This is the reality we offer to those who refuse to be haunted, who cannot let go of the capitalist world. They can experience their own world the way one buys a gaming device, or can go to facilities where they can live this virtual reality for the rest of their lives. One must be able to let go of this world in order to log out – it is possible, then, to visit family and friends in the old world for hours at a time and return to the haunted world. For those who may have difficulty adjusting to ghosts in the corporeal world, VR can be prescribed or recommended for their health and happiness.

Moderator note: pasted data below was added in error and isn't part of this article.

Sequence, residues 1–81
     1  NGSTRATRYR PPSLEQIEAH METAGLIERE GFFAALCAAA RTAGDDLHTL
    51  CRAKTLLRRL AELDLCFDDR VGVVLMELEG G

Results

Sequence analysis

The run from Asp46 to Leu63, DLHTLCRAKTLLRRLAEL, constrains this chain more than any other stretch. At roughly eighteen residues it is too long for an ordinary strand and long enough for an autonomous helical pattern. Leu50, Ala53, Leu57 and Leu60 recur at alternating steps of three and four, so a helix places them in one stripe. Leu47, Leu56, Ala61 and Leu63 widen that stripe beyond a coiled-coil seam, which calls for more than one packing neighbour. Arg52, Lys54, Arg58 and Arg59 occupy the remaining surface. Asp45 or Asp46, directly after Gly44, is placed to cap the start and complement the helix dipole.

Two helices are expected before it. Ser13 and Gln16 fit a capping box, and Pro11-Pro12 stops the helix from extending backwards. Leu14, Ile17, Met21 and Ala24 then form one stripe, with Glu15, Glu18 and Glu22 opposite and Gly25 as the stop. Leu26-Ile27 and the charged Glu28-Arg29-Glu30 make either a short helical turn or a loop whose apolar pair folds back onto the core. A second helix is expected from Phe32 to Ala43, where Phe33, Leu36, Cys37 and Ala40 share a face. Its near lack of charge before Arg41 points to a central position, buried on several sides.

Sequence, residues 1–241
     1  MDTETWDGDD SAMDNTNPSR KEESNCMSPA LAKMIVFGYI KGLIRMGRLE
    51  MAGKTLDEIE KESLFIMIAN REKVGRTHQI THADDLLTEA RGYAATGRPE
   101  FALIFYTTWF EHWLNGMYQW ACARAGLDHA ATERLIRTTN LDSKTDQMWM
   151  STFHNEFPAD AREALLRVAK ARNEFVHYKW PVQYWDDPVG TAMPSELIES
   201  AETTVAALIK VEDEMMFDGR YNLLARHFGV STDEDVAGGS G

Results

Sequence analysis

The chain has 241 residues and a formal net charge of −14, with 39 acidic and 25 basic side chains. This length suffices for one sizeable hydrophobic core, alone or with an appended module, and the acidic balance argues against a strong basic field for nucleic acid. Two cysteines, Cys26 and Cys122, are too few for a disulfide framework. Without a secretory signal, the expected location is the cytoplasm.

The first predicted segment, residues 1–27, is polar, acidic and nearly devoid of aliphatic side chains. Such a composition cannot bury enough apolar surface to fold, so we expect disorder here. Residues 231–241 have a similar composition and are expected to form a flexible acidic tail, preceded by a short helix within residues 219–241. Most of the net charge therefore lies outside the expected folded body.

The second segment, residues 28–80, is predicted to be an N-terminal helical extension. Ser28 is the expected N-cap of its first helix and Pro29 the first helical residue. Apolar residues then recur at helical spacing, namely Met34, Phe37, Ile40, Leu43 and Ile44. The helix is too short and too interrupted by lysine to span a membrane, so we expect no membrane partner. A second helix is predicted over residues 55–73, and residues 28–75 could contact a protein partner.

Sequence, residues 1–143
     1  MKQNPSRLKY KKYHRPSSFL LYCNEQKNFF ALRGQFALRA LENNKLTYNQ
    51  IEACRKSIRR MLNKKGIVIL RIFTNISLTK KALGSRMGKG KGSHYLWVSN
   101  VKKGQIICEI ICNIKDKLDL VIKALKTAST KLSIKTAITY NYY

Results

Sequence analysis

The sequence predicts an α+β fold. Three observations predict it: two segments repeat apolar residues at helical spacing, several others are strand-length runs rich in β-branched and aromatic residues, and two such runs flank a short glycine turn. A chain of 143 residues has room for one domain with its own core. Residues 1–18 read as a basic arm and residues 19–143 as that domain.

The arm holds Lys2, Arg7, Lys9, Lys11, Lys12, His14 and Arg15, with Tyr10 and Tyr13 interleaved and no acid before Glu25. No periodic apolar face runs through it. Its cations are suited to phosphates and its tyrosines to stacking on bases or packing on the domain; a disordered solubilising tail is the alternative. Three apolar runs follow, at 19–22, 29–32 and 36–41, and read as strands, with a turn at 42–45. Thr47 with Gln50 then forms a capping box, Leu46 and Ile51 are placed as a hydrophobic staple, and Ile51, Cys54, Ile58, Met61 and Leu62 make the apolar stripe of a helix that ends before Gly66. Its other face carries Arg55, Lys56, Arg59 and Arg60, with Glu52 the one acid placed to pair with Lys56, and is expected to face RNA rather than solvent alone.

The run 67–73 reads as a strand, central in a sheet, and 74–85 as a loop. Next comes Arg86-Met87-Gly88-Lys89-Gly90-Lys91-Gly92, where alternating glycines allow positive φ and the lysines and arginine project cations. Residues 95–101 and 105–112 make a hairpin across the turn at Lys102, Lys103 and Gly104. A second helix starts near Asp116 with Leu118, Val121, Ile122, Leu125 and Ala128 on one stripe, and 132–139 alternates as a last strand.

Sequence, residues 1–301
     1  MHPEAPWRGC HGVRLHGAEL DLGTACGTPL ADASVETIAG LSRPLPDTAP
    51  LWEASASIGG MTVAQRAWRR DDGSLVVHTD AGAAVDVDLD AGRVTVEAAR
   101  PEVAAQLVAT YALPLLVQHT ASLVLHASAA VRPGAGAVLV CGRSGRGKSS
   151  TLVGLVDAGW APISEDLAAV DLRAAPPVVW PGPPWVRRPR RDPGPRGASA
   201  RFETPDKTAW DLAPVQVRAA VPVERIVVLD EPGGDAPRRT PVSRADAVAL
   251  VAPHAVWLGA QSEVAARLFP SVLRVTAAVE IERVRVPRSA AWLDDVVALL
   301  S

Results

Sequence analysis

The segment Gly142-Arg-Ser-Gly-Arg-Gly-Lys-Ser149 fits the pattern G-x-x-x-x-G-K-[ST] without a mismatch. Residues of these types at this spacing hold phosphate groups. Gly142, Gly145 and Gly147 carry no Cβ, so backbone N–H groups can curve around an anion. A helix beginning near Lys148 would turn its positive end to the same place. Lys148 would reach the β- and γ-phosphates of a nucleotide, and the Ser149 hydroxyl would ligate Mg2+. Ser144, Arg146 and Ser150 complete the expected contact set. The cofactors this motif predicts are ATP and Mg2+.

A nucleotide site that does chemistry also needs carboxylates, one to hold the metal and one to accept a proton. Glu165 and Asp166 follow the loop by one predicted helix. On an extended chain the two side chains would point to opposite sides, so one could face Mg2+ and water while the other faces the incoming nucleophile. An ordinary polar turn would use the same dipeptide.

In Phase 2, we are clearing space for the break: it is not fully a break from capitalism until we clear away the remnants of capitalism, which includes those who are capable and willing to start it again. We can repurpose the buildings and resources left behind, but those who want to expel these ghosts are the biggest threat to the break. With them in the corporeal world, spreading ideology of capitalism, we cannot fully break. We may want them back after the break – we cannot know what we want during and after the break until we are finally there – but the break is our only chance in committing to a “wild place”, to finally acknowledge the bloodshed of capitalism and undercommon what is left over.[16] When we finally get there, it may be